Key Results and Outputs
Result 1: Tarwi producers have improved their productive and commercial abilities through use of certified seeds
Communities complete the process of certifying the tarwi seed (Product 1.1), recovering a local variety through positive selection techniques (Product 1.2) and inscribing the Carabuco variety in the national register of seeds (Product 1.3). The local demand of certified tarwi seed is covered (Product 1.4) and beneficiary families properly store the produced seed (Product 1.5).
Result 2: Participatory research in experimental smallholdings
Conduct experimental smallholdings to evaluate periods and seeding densities, plague and pests resistance, and varieties (Product 2.1). Validate varieties/ecotypes/accession of these seeds (Product 2.2).
Result 3: Strengthened local adaptation abilities through efforts of ‘environmental promoters’
Train environmental promoters in subjects regarding conservation, natural resource management, and climate change (Product 3.1) so they can implement environmental actions in the community (Product 3.2). Create an environmental promoters’ organization (Product 3.3) to foster continued community use of sustainable soil and water management as climate change adaptation measures (Product 3.4).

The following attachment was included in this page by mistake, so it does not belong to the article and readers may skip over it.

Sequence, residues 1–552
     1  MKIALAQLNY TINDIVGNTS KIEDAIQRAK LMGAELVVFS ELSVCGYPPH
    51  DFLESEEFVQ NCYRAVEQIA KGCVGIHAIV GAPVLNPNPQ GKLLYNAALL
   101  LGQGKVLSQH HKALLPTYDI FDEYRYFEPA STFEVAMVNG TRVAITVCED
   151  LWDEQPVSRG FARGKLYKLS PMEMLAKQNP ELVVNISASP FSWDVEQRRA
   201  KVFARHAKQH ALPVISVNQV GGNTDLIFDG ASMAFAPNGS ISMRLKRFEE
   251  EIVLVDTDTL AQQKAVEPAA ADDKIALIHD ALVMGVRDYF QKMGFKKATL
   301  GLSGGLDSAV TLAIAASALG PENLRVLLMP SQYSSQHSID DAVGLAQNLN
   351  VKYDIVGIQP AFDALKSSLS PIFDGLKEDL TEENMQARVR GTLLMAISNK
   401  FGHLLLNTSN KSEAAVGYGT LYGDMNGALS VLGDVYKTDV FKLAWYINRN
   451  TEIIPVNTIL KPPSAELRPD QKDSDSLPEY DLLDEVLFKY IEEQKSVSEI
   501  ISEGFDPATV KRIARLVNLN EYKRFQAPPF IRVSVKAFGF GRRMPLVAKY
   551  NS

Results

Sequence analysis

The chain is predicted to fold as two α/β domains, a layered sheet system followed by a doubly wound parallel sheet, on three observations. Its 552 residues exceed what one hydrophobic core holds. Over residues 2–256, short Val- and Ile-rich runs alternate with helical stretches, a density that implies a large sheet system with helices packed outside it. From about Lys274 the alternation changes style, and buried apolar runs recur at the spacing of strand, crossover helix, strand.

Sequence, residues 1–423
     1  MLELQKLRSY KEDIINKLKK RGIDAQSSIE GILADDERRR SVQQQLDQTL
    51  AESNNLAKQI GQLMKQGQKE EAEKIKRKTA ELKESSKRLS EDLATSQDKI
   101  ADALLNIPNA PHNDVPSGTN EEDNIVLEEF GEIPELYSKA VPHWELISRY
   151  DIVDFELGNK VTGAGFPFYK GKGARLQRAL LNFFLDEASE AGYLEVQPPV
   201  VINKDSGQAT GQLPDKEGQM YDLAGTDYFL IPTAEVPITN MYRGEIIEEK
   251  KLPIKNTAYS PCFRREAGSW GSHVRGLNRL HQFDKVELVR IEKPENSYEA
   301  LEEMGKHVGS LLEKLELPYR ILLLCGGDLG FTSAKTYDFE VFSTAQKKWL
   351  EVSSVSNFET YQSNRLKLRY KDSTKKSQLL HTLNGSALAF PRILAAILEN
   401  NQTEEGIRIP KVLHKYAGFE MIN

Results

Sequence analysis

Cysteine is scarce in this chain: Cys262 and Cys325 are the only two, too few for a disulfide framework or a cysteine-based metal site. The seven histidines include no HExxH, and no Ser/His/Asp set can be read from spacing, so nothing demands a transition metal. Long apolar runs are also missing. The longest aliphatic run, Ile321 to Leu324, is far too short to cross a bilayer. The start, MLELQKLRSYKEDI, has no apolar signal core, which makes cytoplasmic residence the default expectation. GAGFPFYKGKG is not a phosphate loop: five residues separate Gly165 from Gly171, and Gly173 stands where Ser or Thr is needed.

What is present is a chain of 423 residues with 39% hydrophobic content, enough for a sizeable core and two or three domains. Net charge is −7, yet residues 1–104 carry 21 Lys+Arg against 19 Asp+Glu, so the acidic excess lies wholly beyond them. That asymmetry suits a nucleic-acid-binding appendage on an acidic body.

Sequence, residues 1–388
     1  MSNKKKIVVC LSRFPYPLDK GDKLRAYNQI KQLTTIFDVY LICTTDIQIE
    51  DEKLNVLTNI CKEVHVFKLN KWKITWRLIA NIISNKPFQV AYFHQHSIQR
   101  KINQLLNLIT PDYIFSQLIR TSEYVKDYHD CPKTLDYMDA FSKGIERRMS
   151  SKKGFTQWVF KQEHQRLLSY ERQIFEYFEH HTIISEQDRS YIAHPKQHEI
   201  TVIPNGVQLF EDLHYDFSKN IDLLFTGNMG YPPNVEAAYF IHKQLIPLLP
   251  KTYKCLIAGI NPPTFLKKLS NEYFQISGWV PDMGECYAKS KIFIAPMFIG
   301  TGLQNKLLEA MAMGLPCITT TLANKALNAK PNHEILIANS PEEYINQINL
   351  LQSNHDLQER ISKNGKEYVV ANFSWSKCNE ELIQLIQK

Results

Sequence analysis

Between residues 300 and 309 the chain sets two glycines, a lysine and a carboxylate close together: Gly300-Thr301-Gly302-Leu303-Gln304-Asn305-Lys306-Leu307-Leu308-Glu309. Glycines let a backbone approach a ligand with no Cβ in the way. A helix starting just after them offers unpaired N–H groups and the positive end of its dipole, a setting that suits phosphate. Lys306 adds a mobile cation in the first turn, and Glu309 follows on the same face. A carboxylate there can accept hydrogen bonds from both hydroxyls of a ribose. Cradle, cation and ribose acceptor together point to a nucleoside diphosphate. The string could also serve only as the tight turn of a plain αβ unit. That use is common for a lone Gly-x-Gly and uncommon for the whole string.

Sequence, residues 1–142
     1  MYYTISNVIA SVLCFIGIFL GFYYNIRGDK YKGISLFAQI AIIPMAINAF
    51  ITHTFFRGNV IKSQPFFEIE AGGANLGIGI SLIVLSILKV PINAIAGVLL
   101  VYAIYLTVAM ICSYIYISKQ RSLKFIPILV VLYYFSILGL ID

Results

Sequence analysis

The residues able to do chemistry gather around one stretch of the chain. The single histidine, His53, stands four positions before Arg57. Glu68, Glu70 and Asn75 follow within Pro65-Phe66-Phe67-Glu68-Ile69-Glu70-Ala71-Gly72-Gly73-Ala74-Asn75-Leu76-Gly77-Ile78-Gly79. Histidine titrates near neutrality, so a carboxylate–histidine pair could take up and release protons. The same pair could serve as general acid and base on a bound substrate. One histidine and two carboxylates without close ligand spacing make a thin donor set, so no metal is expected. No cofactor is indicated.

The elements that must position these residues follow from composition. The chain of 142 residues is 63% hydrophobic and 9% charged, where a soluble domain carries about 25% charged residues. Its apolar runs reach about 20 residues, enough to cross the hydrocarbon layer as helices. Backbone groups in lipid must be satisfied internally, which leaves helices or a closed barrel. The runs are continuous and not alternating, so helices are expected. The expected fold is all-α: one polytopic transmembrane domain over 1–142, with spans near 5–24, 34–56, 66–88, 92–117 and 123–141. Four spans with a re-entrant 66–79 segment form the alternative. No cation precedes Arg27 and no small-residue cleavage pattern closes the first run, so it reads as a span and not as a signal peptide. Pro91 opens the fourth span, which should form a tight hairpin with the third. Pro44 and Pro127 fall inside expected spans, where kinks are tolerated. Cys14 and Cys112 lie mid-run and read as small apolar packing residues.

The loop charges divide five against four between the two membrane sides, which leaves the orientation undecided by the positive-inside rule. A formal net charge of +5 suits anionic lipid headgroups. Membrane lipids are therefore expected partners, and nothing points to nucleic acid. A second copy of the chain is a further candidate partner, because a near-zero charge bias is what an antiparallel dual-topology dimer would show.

Reports and Publications
Project Brief / Fact Sheet
TARWI: The Seeds of the Future
A Participatory Video from a UNDP-GEF CBA project in Bolivia
Recovery of tarwi (Lupinus Mutabilis S.) seeds in four communities of the Carabuco Municipality near Lake Titicaca
Monitoring and Evaluation
Monitoring and evaluation for community-based adaptation is a new field, and the CBA project is piloting innovative approaches to evaluating the success of locally-driven adaptation projects, and generating lessons to inform ongoing practice.